Hessian Soldiers of the American Revolution
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Jails used for Hessians 

during the American Revolutionary War





Name of Jail Dates used Area jail located


The Walnut Street Gaol/New Gaol, PA


Philadelphia, Pa




Information donated by Bob Brooks

Albemarle Prisoner of War Camp .


Albemarle Co.,


for Convention army prisoners (Brunswick and Hanau)
plus English prisoners.

Information donated by John Merz - Link

The Rutland POW compound . Rutland, Mass


Prisoner of War Camp at Allentown, PA Allentown, PA

The Oct. 3, 2005 Morning Call (Allentown, PA) had an article about a Hessian  prisoner of war camp located at what is present day Third and Gordon Streets in Allentown, PA.  The article quotes Robert's History of Lehigh County, 1914: "Early in the year 1777, a number of the Hessians taken as prisoner at Trenton were brought to Allentown and kept in tents.  The camp was located in the northern part of the town in the neighborhood of Gordon Street, according to the testimony of an old citizen." The article goes on to state that during and after the Revolution, many of the Hessians decided to stay in the Lehigh Valley, since they were in a German speaking community in the Valley, and that a number of local families can count a Hessian on the family tree. A plaque on a stone monument was erected in 1926 by the Liberty Bell Chapter of the DAR to commemorate the site on the camp.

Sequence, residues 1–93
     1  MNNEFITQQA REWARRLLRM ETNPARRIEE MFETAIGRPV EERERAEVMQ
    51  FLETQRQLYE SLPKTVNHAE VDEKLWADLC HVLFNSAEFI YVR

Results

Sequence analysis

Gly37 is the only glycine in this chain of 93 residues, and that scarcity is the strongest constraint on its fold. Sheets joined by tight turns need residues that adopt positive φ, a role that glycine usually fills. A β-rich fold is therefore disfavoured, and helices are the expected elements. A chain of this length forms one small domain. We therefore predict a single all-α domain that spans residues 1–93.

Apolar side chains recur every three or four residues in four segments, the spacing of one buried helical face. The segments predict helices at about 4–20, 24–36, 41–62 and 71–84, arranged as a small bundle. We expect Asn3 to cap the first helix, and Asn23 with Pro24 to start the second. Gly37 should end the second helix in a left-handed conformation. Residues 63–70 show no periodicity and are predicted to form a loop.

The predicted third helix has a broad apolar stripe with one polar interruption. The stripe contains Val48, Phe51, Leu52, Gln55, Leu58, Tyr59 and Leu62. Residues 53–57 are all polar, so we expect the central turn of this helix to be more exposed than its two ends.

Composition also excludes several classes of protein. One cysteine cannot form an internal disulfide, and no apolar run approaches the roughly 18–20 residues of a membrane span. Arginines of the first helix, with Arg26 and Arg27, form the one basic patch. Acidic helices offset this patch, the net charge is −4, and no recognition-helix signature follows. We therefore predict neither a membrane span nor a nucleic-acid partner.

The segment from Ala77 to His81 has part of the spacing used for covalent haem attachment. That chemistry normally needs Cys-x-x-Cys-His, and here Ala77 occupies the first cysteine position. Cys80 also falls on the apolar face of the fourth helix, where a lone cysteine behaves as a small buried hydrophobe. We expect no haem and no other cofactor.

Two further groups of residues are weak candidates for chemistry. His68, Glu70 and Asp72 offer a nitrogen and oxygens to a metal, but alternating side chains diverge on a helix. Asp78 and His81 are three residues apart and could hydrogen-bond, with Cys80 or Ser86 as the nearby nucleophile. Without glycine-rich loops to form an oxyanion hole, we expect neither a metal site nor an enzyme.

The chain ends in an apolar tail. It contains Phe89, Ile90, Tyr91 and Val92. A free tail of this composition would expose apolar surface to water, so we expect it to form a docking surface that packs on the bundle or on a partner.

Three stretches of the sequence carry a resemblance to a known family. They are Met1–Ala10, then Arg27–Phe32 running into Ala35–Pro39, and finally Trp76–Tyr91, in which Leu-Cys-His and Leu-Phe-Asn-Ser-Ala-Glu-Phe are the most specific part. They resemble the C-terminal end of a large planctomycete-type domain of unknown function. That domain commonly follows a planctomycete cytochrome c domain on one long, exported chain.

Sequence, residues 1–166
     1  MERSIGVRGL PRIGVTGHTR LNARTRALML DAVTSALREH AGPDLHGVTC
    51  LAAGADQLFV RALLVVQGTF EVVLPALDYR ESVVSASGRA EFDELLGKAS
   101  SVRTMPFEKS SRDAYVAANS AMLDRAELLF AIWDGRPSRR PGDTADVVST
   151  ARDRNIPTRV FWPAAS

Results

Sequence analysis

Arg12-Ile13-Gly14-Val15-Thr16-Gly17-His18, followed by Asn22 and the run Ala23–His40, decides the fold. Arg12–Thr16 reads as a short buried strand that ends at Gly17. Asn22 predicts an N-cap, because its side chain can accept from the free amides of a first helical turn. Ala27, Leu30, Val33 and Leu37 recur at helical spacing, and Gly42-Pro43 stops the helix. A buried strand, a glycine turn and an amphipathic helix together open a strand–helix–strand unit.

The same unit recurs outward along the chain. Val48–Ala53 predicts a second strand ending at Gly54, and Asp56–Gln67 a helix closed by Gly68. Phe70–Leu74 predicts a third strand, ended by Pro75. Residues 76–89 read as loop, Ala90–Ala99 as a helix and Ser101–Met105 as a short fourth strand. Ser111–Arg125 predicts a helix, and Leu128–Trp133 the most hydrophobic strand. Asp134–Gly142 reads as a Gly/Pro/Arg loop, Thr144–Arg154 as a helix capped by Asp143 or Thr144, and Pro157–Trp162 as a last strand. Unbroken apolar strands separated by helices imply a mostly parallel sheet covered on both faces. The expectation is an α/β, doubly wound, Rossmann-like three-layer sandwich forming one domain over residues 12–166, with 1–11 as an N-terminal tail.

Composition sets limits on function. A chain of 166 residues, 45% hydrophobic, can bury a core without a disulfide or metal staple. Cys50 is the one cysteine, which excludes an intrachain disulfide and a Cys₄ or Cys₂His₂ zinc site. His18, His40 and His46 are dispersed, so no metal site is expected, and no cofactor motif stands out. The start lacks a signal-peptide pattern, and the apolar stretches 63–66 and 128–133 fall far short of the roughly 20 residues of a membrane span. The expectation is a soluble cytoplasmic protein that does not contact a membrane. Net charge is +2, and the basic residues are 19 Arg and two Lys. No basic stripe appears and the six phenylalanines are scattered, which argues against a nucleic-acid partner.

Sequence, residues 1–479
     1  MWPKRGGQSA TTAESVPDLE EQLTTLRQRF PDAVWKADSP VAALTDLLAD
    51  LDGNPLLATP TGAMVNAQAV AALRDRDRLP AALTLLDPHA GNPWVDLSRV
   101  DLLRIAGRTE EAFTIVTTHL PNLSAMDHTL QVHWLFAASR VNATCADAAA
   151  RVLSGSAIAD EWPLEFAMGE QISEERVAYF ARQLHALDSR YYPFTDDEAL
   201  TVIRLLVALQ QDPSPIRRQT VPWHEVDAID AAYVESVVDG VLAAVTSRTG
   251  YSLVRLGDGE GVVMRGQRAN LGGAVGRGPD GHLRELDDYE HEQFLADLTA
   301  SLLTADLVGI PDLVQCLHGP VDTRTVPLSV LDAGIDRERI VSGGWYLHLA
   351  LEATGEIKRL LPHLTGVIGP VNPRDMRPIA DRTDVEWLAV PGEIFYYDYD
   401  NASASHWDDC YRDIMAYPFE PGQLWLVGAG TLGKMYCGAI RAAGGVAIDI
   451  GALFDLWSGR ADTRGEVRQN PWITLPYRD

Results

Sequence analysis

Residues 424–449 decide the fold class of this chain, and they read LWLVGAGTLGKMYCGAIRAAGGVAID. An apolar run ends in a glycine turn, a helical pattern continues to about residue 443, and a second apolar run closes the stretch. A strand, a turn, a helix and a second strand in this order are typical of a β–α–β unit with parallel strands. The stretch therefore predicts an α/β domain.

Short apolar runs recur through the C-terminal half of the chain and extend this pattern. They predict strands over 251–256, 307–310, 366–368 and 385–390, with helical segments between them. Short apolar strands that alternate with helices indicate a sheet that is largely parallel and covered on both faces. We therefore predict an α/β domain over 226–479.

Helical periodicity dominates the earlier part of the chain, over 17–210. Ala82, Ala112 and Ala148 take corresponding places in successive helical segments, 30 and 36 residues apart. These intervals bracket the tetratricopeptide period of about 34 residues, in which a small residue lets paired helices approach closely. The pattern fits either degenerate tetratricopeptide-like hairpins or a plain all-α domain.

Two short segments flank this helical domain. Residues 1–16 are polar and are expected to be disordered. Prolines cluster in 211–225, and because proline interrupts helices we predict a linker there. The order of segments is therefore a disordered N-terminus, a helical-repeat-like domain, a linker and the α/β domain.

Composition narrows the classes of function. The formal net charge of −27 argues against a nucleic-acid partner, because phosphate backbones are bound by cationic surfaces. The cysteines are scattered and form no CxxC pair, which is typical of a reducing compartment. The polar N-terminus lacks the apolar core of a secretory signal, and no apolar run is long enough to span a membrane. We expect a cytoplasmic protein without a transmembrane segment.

Barb Wiemann 

Descendant of Henry Stemler of Lehigh County, PA 

Fort Frederick, MD . Fort Frederick is located about 13 miles west of Hagerstown in Big Pool, MD.

During the American Revolution, Fort Frederick saw service as a refuge for settlers and as a prison camp for Hessian and British soldiers.
(found in archives)

Camp Security 1781- 1783 .